WASHINGTON (WUSA9)— Here's what you need to know about child sex trafficking in the D.C. region.
- Over 293,000 American children are at risk of becoming child sex trafficking victims.
- It is the fastest-growing organized crime in the United States, and a multi-million dollar industry in Washington, D.C. alone.
- Every year, 300,000 children are forced into prostitution and pornography.
- Child sex trafficking victims could be anyone regardless of social economic status, race, or gender.
- According to the Federal Bureau of Investigation, the average age of entry into prostitution for boys is between 11 and 13 years old. The average age of entry for girls is between 12 and 14 years old.
- Many victims of child sex trafficking are runaway children. According to the National Center of Missing and Exploited Children, one in five runaways were trafficked in 2015.
- There is a long list of complex reasons behind children’s decision to leave home. Some kids come from abusive backgrounds, while others are abandoned by their families. Impulse, angst, and rebellion can also push them out of the home, the FBI reports. Often, these kids become prostitutes and enter the sex trafficking system to support themselves. Victims are often taken far away from the home, family and friends. Using false identification and paperwork, traffickers can transport kids across the country as a part of large-scale prostitution rings and crime networks. Traffickers use violence, drugs, emotional tactics and money to control these children.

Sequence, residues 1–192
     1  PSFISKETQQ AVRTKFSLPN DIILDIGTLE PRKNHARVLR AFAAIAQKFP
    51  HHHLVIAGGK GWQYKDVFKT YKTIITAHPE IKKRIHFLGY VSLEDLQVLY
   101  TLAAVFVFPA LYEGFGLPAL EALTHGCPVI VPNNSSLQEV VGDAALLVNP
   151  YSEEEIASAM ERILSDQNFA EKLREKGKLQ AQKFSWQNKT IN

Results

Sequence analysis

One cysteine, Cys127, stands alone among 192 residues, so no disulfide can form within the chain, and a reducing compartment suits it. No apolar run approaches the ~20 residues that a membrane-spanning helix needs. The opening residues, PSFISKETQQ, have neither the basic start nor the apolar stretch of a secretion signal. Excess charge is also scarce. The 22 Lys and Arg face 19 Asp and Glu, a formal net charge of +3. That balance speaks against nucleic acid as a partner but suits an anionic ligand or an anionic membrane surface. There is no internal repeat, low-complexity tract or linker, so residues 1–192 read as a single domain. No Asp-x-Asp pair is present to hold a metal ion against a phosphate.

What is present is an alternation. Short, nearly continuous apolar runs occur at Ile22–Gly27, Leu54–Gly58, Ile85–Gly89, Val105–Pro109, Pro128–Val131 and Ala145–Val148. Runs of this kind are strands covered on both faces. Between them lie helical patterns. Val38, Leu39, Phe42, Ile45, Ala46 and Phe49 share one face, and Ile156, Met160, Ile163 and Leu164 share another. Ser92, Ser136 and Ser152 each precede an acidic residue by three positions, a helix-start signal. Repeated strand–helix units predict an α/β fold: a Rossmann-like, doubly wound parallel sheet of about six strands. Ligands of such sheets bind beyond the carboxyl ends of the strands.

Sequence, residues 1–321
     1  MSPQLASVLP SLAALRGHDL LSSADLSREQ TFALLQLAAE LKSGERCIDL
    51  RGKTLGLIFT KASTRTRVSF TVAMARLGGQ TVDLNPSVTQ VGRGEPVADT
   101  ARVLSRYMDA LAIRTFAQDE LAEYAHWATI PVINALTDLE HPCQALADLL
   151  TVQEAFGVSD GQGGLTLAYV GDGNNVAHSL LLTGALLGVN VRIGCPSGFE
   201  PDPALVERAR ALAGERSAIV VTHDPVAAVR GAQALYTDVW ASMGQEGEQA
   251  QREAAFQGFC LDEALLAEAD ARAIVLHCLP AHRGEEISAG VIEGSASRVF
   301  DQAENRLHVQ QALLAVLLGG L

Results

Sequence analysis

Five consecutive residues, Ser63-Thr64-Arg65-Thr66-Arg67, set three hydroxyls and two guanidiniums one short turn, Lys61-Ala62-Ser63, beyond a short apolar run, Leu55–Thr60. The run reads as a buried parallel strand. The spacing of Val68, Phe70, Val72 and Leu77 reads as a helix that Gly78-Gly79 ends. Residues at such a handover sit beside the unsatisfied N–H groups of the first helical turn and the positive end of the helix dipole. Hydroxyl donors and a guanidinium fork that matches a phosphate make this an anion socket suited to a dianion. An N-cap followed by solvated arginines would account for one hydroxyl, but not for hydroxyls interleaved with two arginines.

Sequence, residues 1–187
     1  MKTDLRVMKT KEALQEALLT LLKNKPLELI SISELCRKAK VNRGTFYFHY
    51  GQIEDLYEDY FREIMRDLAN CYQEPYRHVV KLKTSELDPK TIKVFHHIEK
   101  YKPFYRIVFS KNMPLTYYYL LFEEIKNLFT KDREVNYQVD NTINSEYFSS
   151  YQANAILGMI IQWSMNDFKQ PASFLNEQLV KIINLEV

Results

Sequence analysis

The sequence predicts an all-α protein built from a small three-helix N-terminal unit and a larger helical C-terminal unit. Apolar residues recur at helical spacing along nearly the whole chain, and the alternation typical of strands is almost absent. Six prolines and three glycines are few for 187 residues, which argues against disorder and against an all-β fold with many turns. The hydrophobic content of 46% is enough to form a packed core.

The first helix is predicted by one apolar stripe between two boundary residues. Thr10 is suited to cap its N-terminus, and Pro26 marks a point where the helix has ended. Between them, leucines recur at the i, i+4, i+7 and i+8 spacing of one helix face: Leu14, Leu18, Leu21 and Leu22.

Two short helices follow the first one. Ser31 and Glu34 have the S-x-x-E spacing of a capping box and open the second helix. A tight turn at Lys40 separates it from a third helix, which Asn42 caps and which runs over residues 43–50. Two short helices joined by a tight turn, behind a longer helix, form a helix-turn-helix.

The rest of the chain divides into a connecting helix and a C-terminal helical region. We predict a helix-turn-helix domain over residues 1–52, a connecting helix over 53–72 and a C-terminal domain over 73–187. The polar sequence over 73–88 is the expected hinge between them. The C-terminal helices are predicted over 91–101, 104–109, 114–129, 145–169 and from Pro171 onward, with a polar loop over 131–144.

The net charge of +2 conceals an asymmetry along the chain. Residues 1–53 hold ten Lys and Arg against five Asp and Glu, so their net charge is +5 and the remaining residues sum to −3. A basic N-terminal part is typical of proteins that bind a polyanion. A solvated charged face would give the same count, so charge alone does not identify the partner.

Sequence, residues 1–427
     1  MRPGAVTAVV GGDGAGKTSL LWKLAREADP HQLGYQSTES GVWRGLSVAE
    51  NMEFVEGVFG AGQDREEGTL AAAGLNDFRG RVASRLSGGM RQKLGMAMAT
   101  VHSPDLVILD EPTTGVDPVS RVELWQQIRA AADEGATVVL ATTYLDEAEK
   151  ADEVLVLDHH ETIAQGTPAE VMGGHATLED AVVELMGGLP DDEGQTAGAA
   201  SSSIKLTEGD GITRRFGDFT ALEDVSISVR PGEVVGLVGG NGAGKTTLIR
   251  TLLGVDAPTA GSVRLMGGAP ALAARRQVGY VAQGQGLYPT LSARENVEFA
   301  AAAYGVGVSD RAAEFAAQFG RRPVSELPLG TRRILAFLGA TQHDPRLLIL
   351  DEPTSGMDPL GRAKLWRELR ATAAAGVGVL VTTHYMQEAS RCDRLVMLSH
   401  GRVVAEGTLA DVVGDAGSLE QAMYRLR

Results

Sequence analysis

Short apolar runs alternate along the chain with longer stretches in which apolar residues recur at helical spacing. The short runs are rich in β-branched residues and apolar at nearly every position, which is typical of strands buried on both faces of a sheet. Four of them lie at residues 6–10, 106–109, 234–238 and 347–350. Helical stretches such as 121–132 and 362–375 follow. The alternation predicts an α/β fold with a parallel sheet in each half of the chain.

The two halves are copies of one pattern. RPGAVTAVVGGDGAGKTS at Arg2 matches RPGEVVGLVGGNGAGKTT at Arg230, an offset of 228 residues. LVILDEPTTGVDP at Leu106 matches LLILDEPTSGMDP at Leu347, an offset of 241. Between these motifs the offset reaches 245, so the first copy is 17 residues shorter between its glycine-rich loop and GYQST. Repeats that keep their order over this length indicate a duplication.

- Worse still, children do not normally self-identify as sex trafficking victims. Deception and manipulation leads many victims to believe their relationships are consensual and their lifestyles are normal.
- According to Psychology Today, “This failure to acknowledge being victimized affects the dynamics of victim-law enforcement interaction, safety concerns, and counseling.”
- There were 81 child sex trafficking cases in the DMV reported to the National Human Trafficking Resource Center area last year alone. And there have been 28 new reports since the beginning of this year.
- The U.S. Department of Education listed some signs parents and community members can look out for if they believe a child is being trafficked. For one, the child may have a change in material possessions or attire. They may also have a “boyfriend” or “girlfriend” that is noticeably older. Also, the child may use may make sexual references that are uncharacteristic of their age group.
If you or someone you know is a victim of trafficking, you can get help by contacting the National Human Trafficking hotline. Call 1-888-3737-888. Help #BRINGTHEMHOME.